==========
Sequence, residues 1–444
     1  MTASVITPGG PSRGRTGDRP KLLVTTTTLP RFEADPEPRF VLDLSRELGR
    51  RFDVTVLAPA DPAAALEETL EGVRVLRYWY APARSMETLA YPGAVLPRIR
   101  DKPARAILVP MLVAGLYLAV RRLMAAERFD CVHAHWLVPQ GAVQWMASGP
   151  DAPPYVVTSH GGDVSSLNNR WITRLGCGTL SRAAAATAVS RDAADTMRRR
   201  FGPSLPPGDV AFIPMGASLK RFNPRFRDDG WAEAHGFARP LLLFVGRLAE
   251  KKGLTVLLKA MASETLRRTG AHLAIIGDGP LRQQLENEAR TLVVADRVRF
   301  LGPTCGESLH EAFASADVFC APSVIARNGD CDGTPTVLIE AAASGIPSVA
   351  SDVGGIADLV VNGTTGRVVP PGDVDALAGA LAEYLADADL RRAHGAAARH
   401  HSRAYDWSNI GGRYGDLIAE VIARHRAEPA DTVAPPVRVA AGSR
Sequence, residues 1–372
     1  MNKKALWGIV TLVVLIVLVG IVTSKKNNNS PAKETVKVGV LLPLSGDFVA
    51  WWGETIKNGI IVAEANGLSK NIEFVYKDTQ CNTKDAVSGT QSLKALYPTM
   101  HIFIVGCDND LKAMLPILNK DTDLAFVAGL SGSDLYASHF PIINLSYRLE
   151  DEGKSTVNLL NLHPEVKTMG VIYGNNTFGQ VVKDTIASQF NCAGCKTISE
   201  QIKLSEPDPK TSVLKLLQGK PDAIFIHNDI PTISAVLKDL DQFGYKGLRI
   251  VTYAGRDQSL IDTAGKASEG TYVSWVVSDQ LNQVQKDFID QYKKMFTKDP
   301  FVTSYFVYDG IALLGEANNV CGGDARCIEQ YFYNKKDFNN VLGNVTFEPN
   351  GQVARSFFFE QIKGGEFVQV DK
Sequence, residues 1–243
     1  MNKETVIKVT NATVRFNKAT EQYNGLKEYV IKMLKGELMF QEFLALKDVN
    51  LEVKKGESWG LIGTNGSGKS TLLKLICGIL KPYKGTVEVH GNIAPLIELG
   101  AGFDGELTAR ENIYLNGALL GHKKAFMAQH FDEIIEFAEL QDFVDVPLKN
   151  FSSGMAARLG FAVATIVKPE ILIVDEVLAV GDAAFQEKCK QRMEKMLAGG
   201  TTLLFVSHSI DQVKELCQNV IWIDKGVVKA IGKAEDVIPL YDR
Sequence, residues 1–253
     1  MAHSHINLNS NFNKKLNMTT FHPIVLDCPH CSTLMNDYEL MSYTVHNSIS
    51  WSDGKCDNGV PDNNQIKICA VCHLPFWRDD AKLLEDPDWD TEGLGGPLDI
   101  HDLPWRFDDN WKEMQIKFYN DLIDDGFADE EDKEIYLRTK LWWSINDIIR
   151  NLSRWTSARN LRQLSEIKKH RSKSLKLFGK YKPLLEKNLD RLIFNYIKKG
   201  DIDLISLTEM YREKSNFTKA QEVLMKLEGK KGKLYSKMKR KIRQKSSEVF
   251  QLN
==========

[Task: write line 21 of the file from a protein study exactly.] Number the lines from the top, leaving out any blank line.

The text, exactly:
     1  MNKETVIKVT NATVRFNKAT EQYNGLKEYV IKMLKGELMF QEFLALKDVN